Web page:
As Ivy Stuart, the kitchen maid in Downton Abbey, Cara Theobold was usually to be found below stairs stirring up the soup, as well as the downstairs staff. This week she’s swapped her mop for a baseball bat and stepped out in an altogether different role as a demon hunter in horror comedy Crazyhead.
From Misfits creator Howard Overman, Crazyhead airs on E4 and Netflix and is full of dark comedy and more twists and turns than a demon impaled on the aforementioned baseball bat (more of that later). The six-parter hopes to take up where Misfits (which followed a gang of young offenders on community service who have been struck by lightning, endowing them with superpowers) left off. As well as action and exorcisms, axes in heads and buckets of blood, there’s humour and laughs as the series explores friendship, relationships and finding your way in life.
This time round 26-year-old Theobold is the lead, playing Amy, a bowling alley attendant who realises her friend is possessed by a demon. Not only that, but her friend is not the only one. Demons are on the march and they’re out to get us, with only Amy and fellow demon hunter Raquel (Susan Wokoma – Chewing Gum) to stop them. Up until now the mild-mannered Amy sensibly kept her sightings of demons to herself, but an encounter with the incredibly violent and volatile Raquel wakes her up to the reality that demons really do exist, and it’s kill or be killed. It’s time for Amy to step up.
As well as slaying malevolent, axe-wielding fiends, Amy and Raquel have their own demons to vanquish as they pick their way through the social and moral pitfalls and pratfalls of being a twentysomething.
“Under the scary demon action bits it’s a story about friendship and the dynamic between the characters,” says Theobold. “That’s what I fell in love with reading it. Amy has always believed she was crazy so to meet someone who says ‘no, I see them too and they’re real. They’re out to get you and me and everyone you love, and we’re going to have to fight them’, it forces her to be her real self. And as the series goes on she discovers what she’s made of. It turns out she’s kick ass and brave and willing to lay down her life.”
Wakefield-born Theobold always wanted to be an actress, starting at the City Variety Youth Theatre in Leeds around nine and playing Titania in A Midsummer Night’s Dream at 10.
“My dad recently found some camcorder footage of me in costume practising my Titania lines and I’m tiny!” she says. “But I knew then I had found something I loved and wanted to keep doing it.”
After school, encouraged by her dance teacher mother and teacher-turned-artist dad to pursue a creative profession, at 18 she left for London to study drama at Guildhall School of Music and Drama.
She was in her final year when she landed the part as Ivy, in one of the nation’s favourite, record breaking period dramas, but was allowed to finish her course early to don the kitchen maid’s apron for series three and four.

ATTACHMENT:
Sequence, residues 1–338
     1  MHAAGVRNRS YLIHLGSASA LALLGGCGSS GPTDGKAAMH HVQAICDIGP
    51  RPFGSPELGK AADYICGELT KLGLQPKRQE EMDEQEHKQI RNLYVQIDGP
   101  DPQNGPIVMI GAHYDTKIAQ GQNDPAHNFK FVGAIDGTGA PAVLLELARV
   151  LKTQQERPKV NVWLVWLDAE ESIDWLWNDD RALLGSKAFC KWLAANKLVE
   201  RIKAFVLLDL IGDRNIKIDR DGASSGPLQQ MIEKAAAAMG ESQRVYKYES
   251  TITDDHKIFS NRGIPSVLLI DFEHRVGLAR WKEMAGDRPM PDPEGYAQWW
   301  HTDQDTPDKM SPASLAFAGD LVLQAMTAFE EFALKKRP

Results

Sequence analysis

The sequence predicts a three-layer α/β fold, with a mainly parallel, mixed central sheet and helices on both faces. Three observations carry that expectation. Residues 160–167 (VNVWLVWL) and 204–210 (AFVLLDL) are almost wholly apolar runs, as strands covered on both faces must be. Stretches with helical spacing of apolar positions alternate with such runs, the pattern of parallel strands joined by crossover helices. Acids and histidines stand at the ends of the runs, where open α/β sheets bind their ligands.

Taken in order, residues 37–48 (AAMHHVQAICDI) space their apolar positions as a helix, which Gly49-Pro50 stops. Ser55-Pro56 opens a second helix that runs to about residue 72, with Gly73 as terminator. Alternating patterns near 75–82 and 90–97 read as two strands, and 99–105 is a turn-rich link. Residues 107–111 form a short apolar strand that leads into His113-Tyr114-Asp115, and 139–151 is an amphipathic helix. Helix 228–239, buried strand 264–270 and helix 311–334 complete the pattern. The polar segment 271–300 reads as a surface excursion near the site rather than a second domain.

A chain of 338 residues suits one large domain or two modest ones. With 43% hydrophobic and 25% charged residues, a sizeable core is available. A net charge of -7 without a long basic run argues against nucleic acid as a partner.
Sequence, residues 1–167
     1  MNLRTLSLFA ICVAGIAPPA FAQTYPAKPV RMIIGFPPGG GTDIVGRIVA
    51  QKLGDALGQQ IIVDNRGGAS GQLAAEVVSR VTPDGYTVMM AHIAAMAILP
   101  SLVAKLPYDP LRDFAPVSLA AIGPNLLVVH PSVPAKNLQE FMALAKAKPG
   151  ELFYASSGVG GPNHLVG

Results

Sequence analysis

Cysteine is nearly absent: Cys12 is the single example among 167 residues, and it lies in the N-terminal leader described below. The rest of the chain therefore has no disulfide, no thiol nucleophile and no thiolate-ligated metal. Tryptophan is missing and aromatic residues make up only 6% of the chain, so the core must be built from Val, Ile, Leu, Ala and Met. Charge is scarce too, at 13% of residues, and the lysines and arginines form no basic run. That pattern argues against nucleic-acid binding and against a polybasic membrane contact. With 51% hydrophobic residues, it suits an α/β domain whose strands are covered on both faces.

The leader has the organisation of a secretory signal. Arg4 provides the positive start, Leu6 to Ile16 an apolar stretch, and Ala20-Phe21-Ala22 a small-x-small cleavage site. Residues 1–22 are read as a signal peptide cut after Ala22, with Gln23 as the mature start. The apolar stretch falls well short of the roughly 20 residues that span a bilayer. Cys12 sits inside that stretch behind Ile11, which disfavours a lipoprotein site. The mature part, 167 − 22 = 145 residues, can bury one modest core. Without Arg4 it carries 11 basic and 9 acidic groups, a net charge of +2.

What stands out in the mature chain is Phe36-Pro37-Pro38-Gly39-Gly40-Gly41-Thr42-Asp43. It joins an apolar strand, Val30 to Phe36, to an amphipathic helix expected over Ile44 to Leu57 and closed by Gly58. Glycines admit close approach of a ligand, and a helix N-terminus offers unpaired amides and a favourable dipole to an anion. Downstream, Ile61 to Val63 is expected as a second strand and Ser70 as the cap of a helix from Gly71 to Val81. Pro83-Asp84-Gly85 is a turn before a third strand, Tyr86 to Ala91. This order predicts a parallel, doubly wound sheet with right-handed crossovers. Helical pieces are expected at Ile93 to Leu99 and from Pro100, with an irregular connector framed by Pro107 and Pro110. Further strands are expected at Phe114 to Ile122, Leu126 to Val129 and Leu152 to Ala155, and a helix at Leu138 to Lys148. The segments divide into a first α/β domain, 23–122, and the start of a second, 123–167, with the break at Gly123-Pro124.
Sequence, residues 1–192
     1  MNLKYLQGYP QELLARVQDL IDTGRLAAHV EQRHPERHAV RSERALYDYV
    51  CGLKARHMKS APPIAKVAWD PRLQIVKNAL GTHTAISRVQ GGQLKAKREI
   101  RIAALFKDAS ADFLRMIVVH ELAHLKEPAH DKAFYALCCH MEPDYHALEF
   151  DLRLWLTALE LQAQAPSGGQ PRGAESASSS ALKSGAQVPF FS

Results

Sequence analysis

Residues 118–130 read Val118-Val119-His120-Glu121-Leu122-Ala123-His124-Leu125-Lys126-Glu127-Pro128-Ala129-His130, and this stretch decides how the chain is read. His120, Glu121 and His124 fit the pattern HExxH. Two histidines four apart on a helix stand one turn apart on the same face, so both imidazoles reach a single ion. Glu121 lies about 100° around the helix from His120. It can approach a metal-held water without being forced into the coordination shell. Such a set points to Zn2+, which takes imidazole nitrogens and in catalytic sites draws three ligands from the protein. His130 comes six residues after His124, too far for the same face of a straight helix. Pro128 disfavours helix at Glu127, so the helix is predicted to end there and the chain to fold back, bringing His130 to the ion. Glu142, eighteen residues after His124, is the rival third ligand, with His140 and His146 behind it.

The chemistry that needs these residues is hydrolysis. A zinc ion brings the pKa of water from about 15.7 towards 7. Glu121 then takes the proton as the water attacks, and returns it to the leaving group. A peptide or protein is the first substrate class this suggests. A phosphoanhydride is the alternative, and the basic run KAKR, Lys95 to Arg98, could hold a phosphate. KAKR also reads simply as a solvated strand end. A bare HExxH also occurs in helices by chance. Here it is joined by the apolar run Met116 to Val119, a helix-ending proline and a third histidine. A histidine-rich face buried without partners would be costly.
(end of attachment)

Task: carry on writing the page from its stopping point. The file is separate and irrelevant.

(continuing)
“At the time I couldn’t believe it. It was quite surreal, but I just went with it. It was a whirlwind because it was my first job and my first audition. I had never been on a set before. I was incredibly lucky to get the part and left college to join the show, so I was really thrown in at the deep end. But if you want to succeed you have to go for it,” she says.
“There’s a certain element of being in the right place at the right time,” says Theobold “but I have worked really f***ing hard for it too. I have been incredibly lucky in each situation to be there, but it’s not just luck, because I have worked very hard to get those opportunities. And when you get them, you have to run with it.
“It’s like Amy in Crazyhead, you have to take it on and fight for it, and then you’ll be taken on an adventure you’ve never been on before.”
As well as sharing in the Screen Actors’ Guild Award achieved by the ensemble cast, she carried off a wealth of experience from Downton, a series that won a Golden Globe in 2012 and was nominated for 16 Primetime Emmy Awards. Working alongside a host of acting talent, including the likes of Dame Maggie Smith and Hugh Bonneville, she took the opportunity to study how they worked at close hand, and also learned the ropes of working on a TV set.
“The rest of the cast were brilliant to watch and I learned from them all. Every job has been like that. I’ve learnt something from each one.”
Theobold was most recently on our screens earlier this year in ITV drama Harry Price: Ghost Hunter, playing the lead opposite Rafe Spall. Previous TV slots include the BBC 1 series The Syndicate, starring Lenny Henry, where the staff of a stately home win the lottery, a kind of Downton meets Spend, Spend, Spend, and she’s also been in the BBC’s BAFTA winning Call The Midwife. Last Tango in Halifax saw her filming close to home, while Channel 4’s Scrotal Recall, brought her to Glasgow to shoot the contemporary comedy of sexual manners, an experience she relished.
“It was out and out comedy, great fun and it had heart,” she says.
With sleuth ghost story Harry Price, Theobold moved from realism into a world of mystery and suspense, although the emphasis was more on mystery than murder and mayhem.
“Everyone loves a ghost story, don’t they?” she says, “and Harry Price was more to do with solving the clues than the scary element, but it’s definitely a thriller.”